Evidence warranted a finding of negligence of the operator of a motor bus which struck and killed an elderly pedestrian while the operator was backing it across a public sidewalk at night, although the precise manner in which the contact occurred was not shown.
TWO ACTIONS OF TORT. Writs in the District Court of East Norfolk dated March 13, 1939, and March 10, 1939, respectively.
Upon removal to the Superior Court, the actions were tried together before O'Connell, J. There was a verdict for the plaintiff in the sum of $3,337 in each action.
H. S. Avery, (M. T. Prendergast with him,) for the defendants.
D. L. O'Donnell, (T. C. Osborn & J. M. Leahy with him,) for the plaintiff.
RONAN, J. These are two actions of tort to recover damages for the death of the plaintiff's testatrix which, the plaintiff alleges, was due to the negligent operation of a motor vehicle by the individual defendant, as an employee
of the corporate defendant, upon Pond Street in South Weymouth, shortly after six o'clock on the evening of December 7, 1938. The jury returned a verdict for the plaintiff in each case. Each defendant excepted to the denial of a motion for a directed verdict. Both defendants contend there was no evidence of any negligence in the operation of the motor vehicle, that the manner in which the accident happened was a matter of conjecture and surmise, and that no inference of negligence could properly be drawn.
The jury could find the following facts: The testatrix, a woman eighty-five years of age and five feet and four inches tall, was walking in a northerly direction on the westerly sidewalk of Pond Street toward her store, which was located in a building to the north of the railroad station on the westerly side of this street. The sidewalk along which the testatrix was travelling was four inches higher than the street and abutted the depot yard and the adjacent premises of the testatrix. A boy, fourteen years of age, and his sister, eleven years of age, while on their way to her store had passed the testatrix at a point approximately seventy feet from her store. The boy and girl entered the store, the boy holding open the door for the testatrix for a short time and then joining his sister who was at the counter. The girl then looked out of the store window and saw the motor vehicle at the place where the body of the testatrix was found, which was about twenty-eight feet from the store. The body was lying to the west of the sidewalk with the feet a few inches from the inner line of the sidewalk. The testatrix suffered fractures of several bones and also a fracture of the skull so extensive as to permit the evisceration of the brain. There was no evidence of conscious suffering. The motor vehicle, a twenty-nine passenger bus, twenty-eight feet in length, seven feet and nine inches wide, with an overhang of five feet and seven inches extending from the center of the rear wheels, and with windows along the sides and in the rear, was driven northerly along Pond Street and the front of it driven into a vacant lot upon the easterly side of the street; it was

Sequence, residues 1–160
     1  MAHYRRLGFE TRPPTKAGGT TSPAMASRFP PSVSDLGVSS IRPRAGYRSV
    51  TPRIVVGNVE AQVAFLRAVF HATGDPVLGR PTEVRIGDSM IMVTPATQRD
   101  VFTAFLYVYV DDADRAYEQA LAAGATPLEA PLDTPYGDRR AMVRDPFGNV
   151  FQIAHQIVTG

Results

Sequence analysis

then backed up over the westerly sidewalk and operated southerly along Pond Street, coming to a stop by the side of the street near the depot. As the driver slowly backed the bus with motor racing, he was seated on the arm of the driver's seat looking through the rear windows, but he did not see the testatrix. The lights on the inside of the bus were out but the rear outside lights were lighted. The site of the accident was fairly well lighted. The operator felt the rear wheels of the bus go up over the sidewalk and then a second jolt, which he thought was caused by the rear wheels leaving the inner line of the sidewalk and reaching the level of the depot yard. There was testimony from the operator that he could not see very well as he backed the bus and that he was watching an automobile that was parked on the westerly side of the street a little south of the place where he was backing the bus. A police officer, who was on duty a short distance from the place of the accident, testified that the operator came up to him and said that he had just killed a woman. Blood and brain matter were found upon the left rear tire of the bus.
The operator, in backing the bus over the sidewalk, was required to exercise a degree of care commensurate with the probable harmful consequences that might be sustained by pedestrians travelling upon the sidewalk if there were a lack of such care. Minsk v. Pitaro, 284 Mass. 109 . Capano v. Melchionno, 297 Mass. 1 . Whether the operator ought to have seen the testatrix in time to stop the bus and avert striking her was a question of fact, which was properly submitted to the jury. Noonan v. P. M. Leavitt Co. 238 Mass. 481 . Millay v. Town Taxi, Inc. 242 Mass. 314 . Smith v. Whittall, 257 Mass. 306 . Mulroy v. Marinakis, 271 Mass. 421 . Hirrel v. Lacey, 274 Mass. 431 . Sullivan v. Napolitano, 277 Mass. 341 . Legg v. Bloom, 282 Mass. 303 . White v. Checker Taxi Co. 284 Mass. 73 . Frasciello v. Baer, 304 Mass. 643 .
It was not necessary for the plaintiff to show the precise manner in which the bus came in contact with the decedent. Brown v. Daley, 273 Mass. 432 . Eaton v. S. S. Pierce Co. 288 Mass. 323 . Capano v. Melchionno, 297 Mass. 1 .
D'Ambrosia v. Brest, 302 Mass. 316 . It was enough, where, as here, the plaintiff introduced evidence from which the jury could properly find that the testatrix was struck and killed by the bus, and that there was a greater likelihood that the death was caused by the negligence of the operator than that it was from a cause for which the defendants were not responsible. Navien v. Cohen, 268 Mass. 427 . Rocha v. Alber, 302 Mass. 155 . Koczur v. Flanagan, 306 Mass. 121 . O'Connor v. Griff, 307 Mass. 120 . Sargent v. Massachusetts Accident Co. 307 Mass. 246 . Flynn v. Growers Outlet, Inc. 307 Mass. 373 .